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Re: Opinion: Complete failure of Oracle security response and utter neglect of their responsibility to their customers
From: "Kurt Seifried" <bt () seifried org>
Date: Fri, 7 Oct 2005 16:50:22 -0600

http://www.red-database-security.com/advisory/published_alerts.html

19-jul-2005 - Advisory: Various Cross-Site-Scripting Vulnerabilities in Oracle Report - [Various CSS in Oracle Reports] (Not fixed after 700+ days) 19-jul-2005 - Advisory: Read parts of any XML-file on the application server via Oracle Report - [Read parts of any XML file via Oracle Reports](Not fixed after 700+days) 19-jul-2005 - Advisory: Read parts of any file on the application server via Oracle Report - [Read parts of any file via Oracle Reports] (Not fixed after 700+days) 19-jul-2005 - Advisory: Overwrite any file on the application server via Oracle Report - [Overwrite files via Oracle Reports] (Not fixed after 700+ days) 19-jul-2005 - Advisory: Run any OS Command via uploaded Oracle Report from any directory- [Run any OS command via Oracle Reports] (Not fixed after 700+ days) 19-jul-2005 - Advisory: Run any OS Command via uploaded Oracle Forms from any directory- [Run any OS command via Oracle Forms] (Not fixed after 700+ days)

Plus the last few crops of items that Oracle addressed containing items not fixed for almost 2 years, plus the fact that their security patches often fail to apply properly, plus the fact that their security patches now appear to sometimes not address the problem properly if at all, plus the fact that Oracle touts security, ran a nice big unbreakable campaign, etc, etc.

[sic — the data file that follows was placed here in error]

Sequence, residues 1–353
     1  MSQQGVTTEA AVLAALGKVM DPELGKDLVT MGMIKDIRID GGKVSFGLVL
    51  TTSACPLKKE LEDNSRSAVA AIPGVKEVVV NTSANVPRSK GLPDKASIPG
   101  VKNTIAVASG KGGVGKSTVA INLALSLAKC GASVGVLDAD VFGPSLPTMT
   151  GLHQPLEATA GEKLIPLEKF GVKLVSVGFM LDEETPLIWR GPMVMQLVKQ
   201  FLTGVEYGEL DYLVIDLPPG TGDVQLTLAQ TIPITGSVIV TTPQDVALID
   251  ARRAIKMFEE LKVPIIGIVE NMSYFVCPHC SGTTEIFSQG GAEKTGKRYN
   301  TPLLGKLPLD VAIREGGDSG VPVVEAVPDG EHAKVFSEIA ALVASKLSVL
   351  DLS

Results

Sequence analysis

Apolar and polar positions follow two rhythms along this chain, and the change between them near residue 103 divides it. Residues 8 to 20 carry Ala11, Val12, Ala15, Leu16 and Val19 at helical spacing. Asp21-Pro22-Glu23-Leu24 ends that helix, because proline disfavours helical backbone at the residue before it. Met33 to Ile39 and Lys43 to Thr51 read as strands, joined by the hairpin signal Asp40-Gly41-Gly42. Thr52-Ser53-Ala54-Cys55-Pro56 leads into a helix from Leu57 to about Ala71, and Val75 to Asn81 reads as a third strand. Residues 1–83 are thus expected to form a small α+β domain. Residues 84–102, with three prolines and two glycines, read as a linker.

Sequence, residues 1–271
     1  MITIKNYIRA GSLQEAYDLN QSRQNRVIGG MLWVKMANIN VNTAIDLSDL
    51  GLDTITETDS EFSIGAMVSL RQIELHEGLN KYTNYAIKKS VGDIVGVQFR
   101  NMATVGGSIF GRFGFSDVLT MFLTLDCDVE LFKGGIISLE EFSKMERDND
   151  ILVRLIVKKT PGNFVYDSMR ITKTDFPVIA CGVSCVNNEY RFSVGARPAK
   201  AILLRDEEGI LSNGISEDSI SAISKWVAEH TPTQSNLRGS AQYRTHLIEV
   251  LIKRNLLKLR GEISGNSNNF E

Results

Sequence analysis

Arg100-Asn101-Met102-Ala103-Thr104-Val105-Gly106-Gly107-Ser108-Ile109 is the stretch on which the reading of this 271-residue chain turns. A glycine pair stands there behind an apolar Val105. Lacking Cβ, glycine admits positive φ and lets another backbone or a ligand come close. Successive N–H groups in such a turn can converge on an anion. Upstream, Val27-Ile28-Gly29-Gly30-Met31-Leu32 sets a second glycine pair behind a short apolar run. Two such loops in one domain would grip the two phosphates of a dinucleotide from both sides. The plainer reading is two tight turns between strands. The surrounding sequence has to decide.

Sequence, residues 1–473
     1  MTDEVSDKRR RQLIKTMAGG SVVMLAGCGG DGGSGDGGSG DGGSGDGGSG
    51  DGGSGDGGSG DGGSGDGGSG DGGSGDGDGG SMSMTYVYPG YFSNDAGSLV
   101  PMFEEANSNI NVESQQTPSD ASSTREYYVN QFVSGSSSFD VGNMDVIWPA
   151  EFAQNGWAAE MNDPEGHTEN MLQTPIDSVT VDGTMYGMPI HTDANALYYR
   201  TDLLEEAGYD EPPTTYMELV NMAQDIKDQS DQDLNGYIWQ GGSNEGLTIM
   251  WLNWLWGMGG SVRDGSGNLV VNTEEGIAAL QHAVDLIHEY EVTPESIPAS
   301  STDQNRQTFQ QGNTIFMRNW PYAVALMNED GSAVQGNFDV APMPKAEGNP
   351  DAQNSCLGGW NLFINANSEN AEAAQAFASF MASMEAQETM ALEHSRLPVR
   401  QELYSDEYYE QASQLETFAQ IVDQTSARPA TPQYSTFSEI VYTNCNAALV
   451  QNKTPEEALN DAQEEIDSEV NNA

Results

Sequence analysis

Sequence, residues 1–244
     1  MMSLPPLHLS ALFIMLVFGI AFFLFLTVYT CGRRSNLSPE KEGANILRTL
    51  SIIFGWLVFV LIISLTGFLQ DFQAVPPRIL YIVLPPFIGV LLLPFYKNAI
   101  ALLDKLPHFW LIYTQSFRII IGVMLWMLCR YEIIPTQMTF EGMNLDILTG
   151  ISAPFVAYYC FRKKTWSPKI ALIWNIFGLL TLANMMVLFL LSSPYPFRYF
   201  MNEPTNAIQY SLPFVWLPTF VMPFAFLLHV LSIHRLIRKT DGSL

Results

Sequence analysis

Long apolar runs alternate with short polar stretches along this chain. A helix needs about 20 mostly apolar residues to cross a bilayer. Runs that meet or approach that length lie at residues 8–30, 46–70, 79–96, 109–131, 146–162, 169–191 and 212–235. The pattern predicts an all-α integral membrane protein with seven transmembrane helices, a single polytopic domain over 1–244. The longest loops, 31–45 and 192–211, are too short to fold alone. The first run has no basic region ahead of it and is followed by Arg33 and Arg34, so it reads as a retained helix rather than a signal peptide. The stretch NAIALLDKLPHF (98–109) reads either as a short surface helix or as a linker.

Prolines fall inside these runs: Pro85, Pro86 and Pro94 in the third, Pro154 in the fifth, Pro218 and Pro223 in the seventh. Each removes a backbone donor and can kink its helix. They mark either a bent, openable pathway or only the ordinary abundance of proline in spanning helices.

There's a ton of anecdotal evidence. There's a ton of security advisories with notification to release times measured in years (this actually seems to be quite normal). What more do you need? I look at open source vendors and projects, they have become amazingly responsive (major Linux kernel issues addressed in <1 month as a rule, often in days or a week), and even the closed sourced vendors that formerly were problematic have gotten better in general (Microsoft is a good example of improvement, pity they have to maintain scuh complete backwards compatibility though or I suspect we'd see much more improvement).

In the last 7 or so years I haven't seen much in the way of improvement from Oracle, security-wise.

-Kurt Seifried
http://seifried.org/freescan2/




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